The UK government must ensure that rehabilitation - and the workforce to deliver it - is properly considered in the latest plan to ease the crisis facing the NHS, says the CSP.
The announcement by the UK government today that £200m is being spent to buy thousands of extra beds in care homes and other settings is a much-needed intervention. With the NHS engulfed in crisis, action is needed to be taken to speed up discharge and move as many medically-fit people as possible out of hospital.
The prime minister and health secretary hope that this action will take effect within the next few weeks, but its success depends on making sure that those patients who are discharged have access to high-quality rehabilitation and recovery services in order to enable them to return home. The government says, 'patients will be given the support they need from GPs, nurses and other community-based clinicians to continue their recovery.'
CSP chief executive Karen Middleton said: ‘This is potentially a positive step to address the crisis engulfing the NHS and ensure people get home sooner, but it relies on two things.
‘Firstly, it needs the health and social care staff to deliver the services at a time of desperate shortages in both sectors.
‘And secondly, it is essential that patients moved into care homes receive timely, effective rehabilitation to ensure they can go home when well enough rather than simply find themselves stranded again.
‘The former brings challenges for delivery while failure on the latter would only create further misery for patients and greater pressures on social care.
It is essential that the government ensures this is delivered well, addresses the critical longer-term issues of workforce – including a pay deal that supports the recruitment and retention of staff – and provides better care, closer to home, so that we never again face this disastrous situation.’
In a clear signal of the importance of community services to solving the crisis in the NHS, prime minister Rishi Sunak visited an MSK clinic and neighbourhood team in Leeds.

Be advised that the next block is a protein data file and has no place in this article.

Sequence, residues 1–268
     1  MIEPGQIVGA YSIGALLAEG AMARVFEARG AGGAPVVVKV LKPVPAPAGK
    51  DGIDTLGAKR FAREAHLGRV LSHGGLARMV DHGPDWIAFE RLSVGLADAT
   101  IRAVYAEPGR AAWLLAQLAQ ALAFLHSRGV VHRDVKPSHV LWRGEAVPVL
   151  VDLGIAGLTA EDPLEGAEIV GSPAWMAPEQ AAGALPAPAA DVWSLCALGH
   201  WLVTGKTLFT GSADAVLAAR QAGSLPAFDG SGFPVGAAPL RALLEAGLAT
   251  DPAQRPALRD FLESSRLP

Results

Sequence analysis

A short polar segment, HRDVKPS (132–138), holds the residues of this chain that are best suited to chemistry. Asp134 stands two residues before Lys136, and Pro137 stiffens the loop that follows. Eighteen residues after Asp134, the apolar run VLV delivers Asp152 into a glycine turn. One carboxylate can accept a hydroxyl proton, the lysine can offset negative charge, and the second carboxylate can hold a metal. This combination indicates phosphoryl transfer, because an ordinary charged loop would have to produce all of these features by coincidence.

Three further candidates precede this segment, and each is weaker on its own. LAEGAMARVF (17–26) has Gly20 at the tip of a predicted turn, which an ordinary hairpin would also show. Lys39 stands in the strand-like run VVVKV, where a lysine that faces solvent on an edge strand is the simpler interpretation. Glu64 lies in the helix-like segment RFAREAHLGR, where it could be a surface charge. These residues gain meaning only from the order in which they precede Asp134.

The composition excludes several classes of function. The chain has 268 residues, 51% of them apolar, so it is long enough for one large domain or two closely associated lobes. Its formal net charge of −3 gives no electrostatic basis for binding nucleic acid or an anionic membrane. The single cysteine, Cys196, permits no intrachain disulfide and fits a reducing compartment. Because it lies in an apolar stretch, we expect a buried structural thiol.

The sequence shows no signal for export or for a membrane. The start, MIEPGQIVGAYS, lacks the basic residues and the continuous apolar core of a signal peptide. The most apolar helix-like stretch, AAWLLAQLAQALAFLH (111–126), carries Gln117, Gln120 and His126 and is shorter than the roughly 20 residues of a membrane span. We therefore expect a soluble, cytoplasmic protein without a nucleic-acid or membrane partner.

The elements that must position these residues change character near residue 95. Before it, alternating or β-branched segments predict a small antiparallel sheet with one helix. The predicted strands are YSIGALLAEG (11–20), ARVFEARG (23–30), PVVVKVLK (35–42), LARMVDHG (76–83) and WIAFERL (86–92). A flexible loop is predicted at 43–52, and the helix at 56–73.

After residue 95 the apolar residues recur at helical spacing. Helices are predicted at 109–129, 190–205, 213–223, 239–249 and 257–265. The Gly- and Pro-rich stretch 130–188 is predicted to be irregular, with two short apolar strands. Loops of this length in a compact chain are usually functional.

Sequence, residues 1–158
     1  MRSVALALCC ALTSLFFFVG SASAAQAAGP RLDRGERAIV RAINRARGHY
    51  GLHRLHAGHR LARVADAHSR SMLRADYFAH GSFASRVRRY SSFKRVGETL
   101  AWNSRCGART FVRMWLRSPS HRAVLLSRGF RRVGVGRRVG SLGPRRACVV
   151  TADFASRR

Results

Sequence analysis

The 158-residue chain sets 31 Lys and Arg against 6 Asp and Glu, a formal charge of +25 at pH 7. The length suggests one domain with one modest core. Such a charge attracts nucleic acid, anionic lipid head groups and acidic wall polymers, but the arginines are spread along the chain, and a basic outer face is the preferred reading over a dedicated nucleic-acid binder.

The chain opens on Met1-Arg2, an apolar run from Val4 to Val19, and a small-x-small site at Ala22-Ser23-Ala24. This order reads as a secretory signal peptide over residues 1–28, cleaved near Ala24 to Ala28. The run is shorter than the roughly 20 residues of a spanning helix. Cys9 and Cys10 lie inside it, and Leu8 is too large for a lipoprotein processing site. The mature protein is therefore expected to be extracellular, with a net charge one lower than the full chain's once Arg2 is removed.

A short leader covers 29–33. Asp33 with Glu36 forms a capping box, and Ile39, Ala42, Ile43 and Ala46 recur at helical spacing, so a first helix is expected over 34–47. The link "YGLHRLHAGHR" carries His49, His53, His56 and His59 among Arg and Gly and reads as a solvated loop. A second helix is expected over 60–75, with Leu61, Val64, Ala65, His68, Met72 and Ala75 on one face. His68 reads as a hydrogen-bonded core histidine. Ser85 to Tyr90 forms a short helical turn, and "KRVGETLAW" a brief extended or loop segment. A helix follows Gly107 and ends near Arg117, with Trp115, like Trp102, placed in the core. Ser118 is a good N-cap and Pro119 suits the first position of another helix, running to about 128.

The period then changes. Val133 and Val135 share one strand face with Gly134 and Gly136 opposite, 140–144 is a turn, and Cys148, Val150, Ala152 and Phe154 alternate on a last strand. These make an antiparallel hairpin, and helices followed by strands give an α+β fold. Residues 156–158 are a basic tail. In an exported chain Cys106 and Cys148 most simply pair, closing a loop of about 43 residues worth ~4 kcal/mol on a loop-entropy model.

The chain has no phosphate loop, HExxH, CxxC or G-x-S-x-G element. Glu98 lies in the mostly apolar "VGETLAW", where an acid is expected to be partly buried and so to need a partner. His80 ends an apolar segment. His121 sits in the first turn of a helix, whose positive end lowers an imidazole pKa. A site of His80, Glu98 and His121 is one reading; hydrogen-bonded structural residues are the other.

Six new discharge 'frontrunner' sites have also been announced, in order to reduce discharge delays. The sites are:
- Sussex Health and Care Integrated Care System: trialling a new data tool to help services manage performance, give operational oversight and manage demand
- The Northern Care Alliance: trialling specialised dementia hubs to support people who have a greater chance of readmission
- Humber and North Yorkshire Integrated Care System: supporting patients to move across health and social care organisations through innovative use of data and real-time intelligence
- One Croydon Alliance: trialling a fully integrated team between acute and community, integrated IT system, integrated financial systems and integrated leadership, to better coordination between hospitals and community care settings like rehabilitation services
- Leeds Health and Care Partnership: focused on intermediate care, establishing an Active Recovery Service providing short-term community rehabilitation and reablement. Focus on rehabilitation and reablement not only improves patient experience but helps prevent future readmission
- Warwickshire Place: trialling a partnership between the NHS and social care to help provide care and support to patients when they are released from hospital into the community, increasing capacity for home care, and expanding recruitment
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